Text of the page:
A trip to Boreas Ponds, the picturesque ponds near the Adirondack High Peaks that the state purchased in 2012, has been on my list of places to visit for a few years now. My wife and I finally put aside some time to go there Friday, coordinating the hike in with a weekend camping at nearby Lake Harris in Newcomb.
I knew that there has been some work on the roads into Boreas Ponds on-and-off for years, so I checked with the DEC on Thursday before we planned our trip to make sure we could get to the ponds. I was referred to the DEC High Peaks Backcountry Information webpage, which is updated weekly, detailing trail issues, closures, etc.
The webpage read that Gulf Brook Road was open Friday, Saturday and Sunday, which was perfect for our Friday trip.
We pulled onto the road shortly after 9 a.m. Friday, and were met with two small signs atop orange cones near the Blue Ridge Road intersection that read it was "closed because of mud/snow."
Now winter comes early to Essex County, but not that early. Knowing what the DEC website told me, we drove north, and ran into two women driving out who flagged us down as we passed. The driver said that contractors told her the road was closed. And as we talked, two dumptrucks barreled down the road behind her, coming to a stop as we talked. She drove off, and the truck driver opened his window to tell me the road was closed.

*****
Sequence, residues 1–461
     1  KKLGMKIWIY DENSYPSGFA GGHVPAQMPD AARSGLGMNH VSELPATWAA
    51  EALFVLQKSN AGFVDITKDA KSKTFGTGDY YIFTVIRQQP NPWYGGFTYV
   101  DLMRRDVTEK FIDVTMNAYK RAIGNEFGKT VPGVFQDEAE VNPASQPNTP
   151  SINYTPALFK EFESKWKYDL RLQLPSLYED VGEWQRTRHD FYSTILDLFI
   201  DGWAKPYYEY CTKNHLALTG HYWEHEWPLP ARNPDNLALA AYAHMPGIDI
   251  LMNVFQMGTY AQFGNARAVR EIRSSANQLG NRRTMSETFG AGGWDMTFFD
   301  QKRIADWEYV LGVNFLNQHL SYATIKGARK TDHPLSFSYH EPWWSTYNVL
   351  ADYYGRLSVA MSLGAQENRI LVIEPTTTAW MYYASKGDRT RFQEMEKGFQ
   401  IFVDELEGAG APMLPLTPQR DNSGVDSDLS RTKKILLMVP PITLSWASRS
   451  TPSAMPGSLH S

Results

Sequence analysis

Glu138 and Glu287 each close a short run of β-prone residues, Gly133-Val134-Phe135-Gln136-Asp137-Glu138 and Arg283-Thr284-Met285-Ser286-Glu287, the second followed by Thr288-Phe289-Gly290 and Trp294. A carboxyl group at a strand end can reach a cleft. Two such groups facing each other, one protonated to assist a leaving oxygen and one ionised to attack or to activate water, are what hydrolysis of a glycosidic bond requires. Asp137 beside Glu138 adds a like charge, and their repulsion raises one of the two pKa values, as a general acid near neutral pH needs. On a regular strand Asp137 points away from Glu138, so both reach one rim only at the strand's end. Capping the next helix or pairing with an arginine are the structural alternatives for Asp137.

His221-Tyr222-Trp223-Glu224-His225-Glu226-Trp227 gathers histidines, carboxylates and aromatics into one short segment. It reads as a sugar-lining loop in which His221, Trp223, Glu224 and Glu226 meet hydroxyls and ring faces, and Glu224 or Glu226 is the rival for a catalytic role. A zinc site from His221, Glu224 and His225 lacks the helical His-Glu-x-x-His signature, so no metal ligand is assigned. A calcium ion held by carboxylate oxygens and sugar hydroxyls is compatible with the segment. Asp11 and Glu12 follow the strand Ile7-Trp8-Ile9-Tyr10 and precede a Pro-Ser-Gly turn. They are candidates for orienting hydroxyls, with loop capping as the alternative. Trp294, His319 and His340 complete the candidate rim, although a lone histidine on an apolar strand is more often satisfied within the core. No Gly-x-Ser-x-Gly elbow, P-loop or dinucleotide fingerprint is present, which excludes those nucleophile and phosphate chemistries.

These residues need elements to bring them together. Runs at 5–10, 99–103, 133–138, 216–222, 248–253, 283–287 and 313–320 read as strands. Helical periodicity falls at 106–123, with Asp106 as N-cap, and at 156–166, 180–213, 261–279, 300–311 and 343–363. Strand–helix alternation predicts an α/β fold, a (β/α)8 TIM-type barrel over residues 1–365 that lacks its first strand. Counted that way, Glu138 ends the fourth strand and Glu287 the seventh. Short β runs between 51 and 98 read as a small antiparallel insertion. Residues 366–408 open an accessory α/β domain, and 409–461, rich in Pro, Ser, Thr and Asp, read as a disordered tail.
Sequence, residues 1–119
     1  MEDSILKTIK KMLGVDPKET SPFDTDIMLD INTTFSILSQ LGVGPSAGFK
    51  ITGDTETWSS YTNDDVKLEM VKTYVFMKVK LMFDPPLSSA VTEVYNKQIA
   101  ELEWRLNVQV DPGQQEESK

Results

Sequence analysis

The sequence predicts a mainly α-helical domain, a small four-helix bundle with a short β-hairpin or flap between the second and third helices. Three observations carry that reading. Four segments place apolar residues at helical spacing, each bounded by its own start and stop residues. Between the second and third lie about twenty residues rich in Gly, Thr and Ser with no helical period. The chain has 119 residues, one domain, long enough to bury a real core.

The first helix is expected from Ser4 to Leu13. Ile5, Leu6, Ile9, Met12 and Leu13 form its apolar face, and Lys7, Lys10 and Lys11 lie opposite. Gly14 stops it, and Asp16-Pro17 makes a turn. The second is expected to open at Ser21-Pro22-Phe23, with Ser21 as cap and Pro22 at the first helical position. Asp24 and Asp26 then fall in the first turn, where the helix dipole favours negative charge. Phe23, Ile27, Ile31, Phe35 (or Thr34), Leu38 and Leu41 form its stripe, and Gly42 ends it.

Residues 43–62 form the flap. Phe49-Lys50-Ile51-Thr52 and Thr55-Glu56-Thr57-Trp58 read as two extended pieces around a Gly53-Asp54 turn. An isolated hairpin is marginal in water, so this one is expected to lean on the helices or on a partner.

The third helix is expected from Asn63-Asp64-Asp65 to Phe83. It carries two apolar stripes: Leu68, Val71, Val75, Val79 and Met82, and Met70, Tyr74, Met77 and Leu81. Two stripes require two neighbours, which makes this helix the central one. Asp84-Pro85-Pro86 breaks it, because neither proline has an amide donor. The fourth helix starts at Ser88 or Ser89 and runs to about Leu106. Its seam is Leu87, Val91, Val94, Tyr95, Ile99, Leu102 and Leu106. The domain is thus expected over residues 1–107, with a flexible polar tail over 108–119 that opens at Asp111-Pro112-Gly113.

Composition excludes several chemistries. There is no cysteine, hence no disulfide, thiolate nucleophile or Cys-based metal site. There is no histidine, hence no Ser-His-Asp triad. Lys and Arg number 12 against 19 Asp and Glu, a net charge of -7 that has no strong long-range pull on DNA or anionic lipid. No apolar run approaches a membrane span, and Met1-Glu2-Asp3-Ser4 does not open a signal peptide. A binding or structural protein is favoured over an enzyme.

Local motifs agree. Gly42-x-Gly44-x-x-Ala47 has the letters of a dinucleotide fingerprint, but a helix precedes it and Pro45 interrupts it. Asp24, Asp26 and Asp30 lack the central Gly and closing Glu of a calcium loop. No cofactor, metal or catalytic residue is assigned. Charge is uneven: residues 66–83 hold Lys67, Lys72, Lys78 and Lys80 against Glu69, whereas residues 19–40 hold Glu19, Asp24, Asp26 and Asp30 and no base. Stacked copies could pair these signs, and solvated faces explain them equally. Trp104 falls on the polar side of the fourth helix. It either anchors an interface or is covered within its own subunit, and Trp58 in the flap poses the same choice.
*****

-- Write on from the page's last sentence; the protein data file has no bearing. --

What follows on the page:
I explained that the DEC's website said otherwise, and that I planned to drive to the Fly Pond Gate as the state indicated could be done on a Friday. (The walk was 14 miles round trip from Blue Ridge Road, 7 from the Fly Pond Gate. We didn't have time for 14 miles.)
He said his understanding differed, but I told him I was going to go with what the DEC website told me, and I wouldn't block the Fly Pond Gate. He warned me to watch out for truck traffic.
So ours was the only vehicle in the spacious, gravel-lined main lot, we geared up and did the 3.5-mile walk in under an hour, swatting a blood-thirsty population of deerflies as we went. The views were all that they were billed, loons were calling on the pond, and we saw fresh moose prints in the dirt on the road. (We knew they were fresh because they weren't there on our way in, but were on our way out. Never saw the animal that left the prints, unfortunately.)
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We saw one other person, a mountain biker, on the trail. We hiked just under 8 miles after some bushwacking around First Pond and Second Pond to get some different views. It turned out Friday was the nicest part of the weekend, as rain arrived Friday night, and lasted for much of Saturday.
Unfortunately, because of misinformation, the two women we talked to did not get to enjoy the trail or ponds while we were there. We stopped at Cloudsplitter Outfitters in Newcomb later that day, told the staff we had been in to Boreas Ponds, and were told that a lot of people had been getting "mixed messages" about the status of the road.
On another note, the road in is coming along nicely. Contractors from Paul Mitchell Logging are using stone from the Tahawus mines, which Mitchell bought last year, to rebuild the road. Parking areas are being developed, signs and paths to ponds are being built. When it's done, the access will be much improved for those who can't walk seven to eight miles.
But I worry about that.
It's nice that more people will enjoy the land, but it is close to unspoiled. And unfortunately more people always equals more litter and more abuse of the land.
UPDATE -- I heard Monday afternoon from the DEC's regional spokesman that the agency had planned to close Friday, and the next few Fridays, so more work could be done. The Backcountry information website will be updated to reflect these additional closures.
-- Don Lehman